June’s federal budget deficit was $864 billion, an amount greater than the entire federal budget deficit for the year of 2018, according to Congressional Budget Office (CBO) data.
“That’s more than the entire annual budget deficits of 2017 ($665 billion) or 2018 ($779 billion), more than any year during the George W. Bush administration or Barack Obama’s second term,” Peter Suderman, features editor at Reason, wrote. “In June of 2019, the federal budget deficit was $8 billion, which almost seems like a typo now.”
In light of the unprecedented deficit, Marc Goldwein, head of policy at the Committee for a Responsible Federal Budget, tweeted, “To reduce our debt burden at the pace we did after World War II, we’d either need $20 trillion of 10-year deficit reduction, 6 percent sustained real growth, or 12 percent annual inflation.”
Federal debt is expected to grow by about $4 trillion this year and will exceed the size of the economy by year’s end, Goldwein said in a paper about the state of the economy.
“Much of this borrowing is inevitable and desirable – though not costless – in light of the current pandemic and economic crisis,” he wrote. “However, the need for the federal government to borrow today does not mean borrowing can continue indefinitely without consequences.”
In January 2019, the CBO published a report in which it projected that the annual budget deficit – the shortfall between government spending and tax revenues– would be roughly $900 billion in 2019. It would add another $1 trillion every year beginning in 2022.
Debt as a percentage of the U.S.’s total economy would also increase, reaching 93 percent of GDP by 2029, the CBO projected, due to entitlement and interest payments on U.S. debt. Both debt and deficits would drag the economy down, even at a time when unemployment was below 5 percent. These projections excluded any foreseeable impact by the coronavirus, which hit two months later.
As a result of the CARES Act and subsequent bills, the CBO projects the economy won’t recover for more than a decade, Suderman notes.
According to the most recent 10-year outlook, the CBO projects that unemployment will remain above 10 percent for the rest of 2020 and will remain high beyond 2030.
“Economic growth is expected to be sluggish – probably $17 trillion less than the pre-COVID track we were on,” Suderman said.
In February, Romina Boccia, former Director of the Grover M. Hermann Center at the Heritage Foundation, wrote that the U.S. entered 2020 with a trillion-dollar annual deficit for which there was “no excuse.”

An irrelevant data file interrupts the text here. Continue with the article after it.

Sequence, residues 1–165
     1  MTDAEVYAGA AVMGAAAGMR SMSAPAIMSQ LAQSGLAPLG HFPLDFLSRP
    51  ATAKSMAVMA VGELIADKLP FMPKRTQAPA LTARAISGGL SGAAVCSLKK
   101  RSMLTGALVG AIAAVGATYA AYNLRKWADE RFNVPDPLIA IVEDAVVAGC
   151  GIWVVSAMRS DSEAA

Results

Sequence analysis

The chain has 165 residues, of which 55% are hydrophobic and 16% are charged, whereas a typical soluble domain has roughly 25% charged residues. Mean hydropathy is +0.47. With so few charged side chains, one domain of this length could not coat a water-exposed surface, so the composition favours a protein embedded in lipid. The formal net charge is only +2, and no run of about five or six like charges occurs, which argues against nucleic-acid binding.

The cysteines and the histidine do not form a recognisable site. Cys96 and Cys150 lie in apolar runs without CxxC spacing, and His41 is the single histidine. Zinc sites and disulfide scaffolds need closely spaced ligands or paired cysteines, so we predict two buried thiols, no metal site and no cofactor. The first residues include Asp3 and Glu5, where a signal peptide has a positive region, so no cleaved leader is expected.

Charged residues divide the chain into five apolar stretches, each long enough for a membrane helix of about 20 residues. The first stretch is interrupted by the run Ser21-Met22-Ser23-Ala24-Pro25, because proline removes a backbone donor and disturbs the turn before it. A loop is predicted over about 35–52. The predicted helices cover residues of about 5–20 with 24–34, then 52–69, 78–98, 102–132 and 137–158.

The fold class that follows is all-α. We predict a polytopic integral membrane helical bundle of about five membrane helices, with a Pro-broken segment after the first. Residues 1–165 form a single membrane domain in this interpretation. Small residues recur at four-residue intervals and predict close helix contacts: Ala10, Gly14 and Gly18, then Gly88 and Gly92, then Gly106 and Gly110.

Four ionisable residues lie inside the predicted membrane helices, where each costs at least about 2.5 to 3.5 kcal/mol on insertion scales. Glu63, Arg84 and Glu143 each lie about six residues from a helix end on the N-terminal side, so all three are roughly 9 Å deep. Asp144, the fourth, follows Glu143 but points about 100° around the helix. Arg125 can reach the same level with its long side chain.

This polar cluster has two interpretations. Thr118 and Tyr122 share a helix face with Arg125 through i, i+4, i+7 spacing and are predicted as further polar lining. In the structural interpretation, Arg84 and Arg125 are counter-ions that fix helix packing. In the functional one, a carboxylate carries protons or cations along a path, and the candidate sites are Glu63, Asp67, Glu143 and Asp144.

In 2012, Speaker of the Republican House John Boehner had adopted a 10-year target to reach a balanced budget proposal, which never came to fruition. And President Donald Trump’s budget proposal for fiscal year 2021 also promised to balance the budget in 15 years.
The spending and tax cuts allocated by the CARES Act, and the Families First relief bill, will increase debt by $1.76 trillion, and $192 billion, respectively, according to CBO projections. The small business relief act added $480 billion to the total.
Spending increases and tax cuts in coronavirus legislation may increase debt initially to roughly $2.4 trillion in total.
Chris Edwards, an economist at the Cato Institute, estimates that the effect of the recession will reduce federal revenues a further $2.2 trillion over the next few years. With higher spending and lower revenues, federal borrowing costs are expected to be approximately $1.2 trillion higher over the next decade.
The basic CBO estimates exclude these costs, Edwards notes. All told, these decisions will add an estimated $5.8 trillion to the national debt.
The deficit will soar to nearly $4 trillion in 2020, then narrow to roughly $1.5 trillion for the next few years, before it is expected to widen again, Edwards says.
“Without spending restraint, low taxes are in immediate danger of being reversed,” Boccia warned. “High deficits and debt also threaten economic progress, dragging down growth and putting the country at risk of a future fiscal crisis during which interest rates would rise.”
Returning to the goal of balancing the budget in 10 years or less should be a priority, she said.